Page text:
GoPro Max review: spec
• Weight: 154g
• Dimensions: 63W x 69H x 25D (mm)
• 360 video: 6K source/5.6K stitched
• Conventional video: 1440P60 (4:3), 1080P60 (16:9)
• Photo: Spherical: 18MP, Hero: 5.5MP, PowerPano: 6.2MP
• Digital lenses: Max SuperView, Wide, Linear and Narrow
• Audio: Premium 360, Stereo
• Microphones: Six
• Connectivity: Wifi, Bluetooth
• App: GoPro with Reframe
• SoC: GP1 chip
• Battery: Removable 1600mAH Lithium-Ion
• TimeWarp: 2x, 5x, 10x, 15x, 30x recording speeds
• Time-lapse: 0.5, 1, 2, 5, 10, 30 second and 1, 2, 5 and 30 minute intervals
• Touchscreen: Intuitive 1in LCD
• Waterproofing: 5m without a case
• GPS: Yes
• Voice control: Yes
• Stabilisation: HyperSmooth
• Live Streaming: Yes, via app
• Other: Portrait mode, auto orientation
GoPro Max review: video and stills
While the Max’s 360-degree capabilities give you the ability to create some truly stunning content, it’s not without its drawbacks. Like all 360 cameras, the image stitching is noticeable as the camera can’t see the distance between the two lenses. The image exposure also can vary between each lens too, resulting in one view being darker or lighter than the other.
The Max’s 360 video resolution of 5.6K stitched is almost identical to that of its 360 rivals the Rylo 360 and the Insta360 One X (which all beat the Kodak Pixpro SP360’s 4K). However, when shooting conventional video its maximum full-frame (16:9), the top resolution of 1080P60 is way below the 4K60 you’ll find on the Hero 8 Black as well as many action cameras on the market. Similarly, when taking single-lens stills the Max’s top resolution of 5.5MP is also way below the conventional competition, though the PowerPano function allows you to take 6.3MP panoramic photos with auto horizon levelling – which is also a facility you won’t find elsewhere on GoPro’s cameras.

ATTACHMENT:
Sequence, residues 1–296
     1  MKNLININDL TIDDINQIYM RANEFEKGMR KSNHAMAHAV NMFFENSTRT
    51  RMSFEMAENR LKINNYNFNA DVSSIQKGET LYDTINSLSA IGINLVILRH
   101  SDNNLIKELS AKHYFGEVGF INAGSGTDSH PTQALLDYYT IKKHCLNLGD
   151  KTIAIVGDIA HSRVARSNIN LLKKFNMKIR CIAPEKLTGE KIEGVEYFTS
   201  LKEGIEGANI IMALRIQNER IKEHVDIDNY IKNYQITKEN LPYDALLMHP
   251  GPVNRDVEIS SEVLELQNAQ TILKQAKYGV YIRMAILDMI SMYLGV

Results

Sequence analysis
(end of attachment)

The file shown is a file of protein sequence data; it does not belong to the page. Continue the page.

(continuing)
Just like the Hero 8 Black, the Max’s TimeWarp function allows you to create really cool moving time-lapsed footage – perfect for showing travel over a distance at warp speed. While TimeLapse mode makes it easy to create static time-lapsed video sequences.
The Max comes equipped with GoPro’s stabilisation software – HyperSmooth, which massively reduces camera shake and vibration. This is the most advanced version of it yet, called Max HyperSmooth, appropriately. It’s as smooth as the Boost mode on the Hero 8 Black, but without the cropping that mode requires. It also uses the round lenses for clever horizon levelling, keeping everything really watchable.
GoPro Max review: samples
GoPro Max review: verdict
There’s no denying that the GoPro Max is a seriously capable piece of kit that allows you to get seriously creative with your photos and video and produce some outstanding results. As a complete package, it betters the rival 360-degree cameras available, though the Rylo 360 and the Insta360 One X are both significantly cheaper and boast unique features all of their own.
We’ve tested the Max in some demanding conditions – not least exposing it to the force of 8-foot saltwater waves in the depths of a British winter and it has proved to be just as bombproof as its Heroic stablemate.
Given the physical positioning of the offset lenses on each face of the Max, there’s no way to avoid the glitches that appear on the stitched-together images taken simultaneously – which looks very obvious on objects close to the camera. It’s a pity the camera’s conventional resolution rates aren’t higher too, but if you want cutting edge 180-degree content, you’re unlikely to choose a 360 camera in the first place.
Overall, we reckon the GoPro Max is the best 360-degree action camera on the market and is way ahead of its forerunner – the GoPro Fusion. However, while it certainly gives interesting results, we’re not totally sold on the 360 format, which is still somewhat gimmicky and arguably less useful than what you get from a conventional action camera.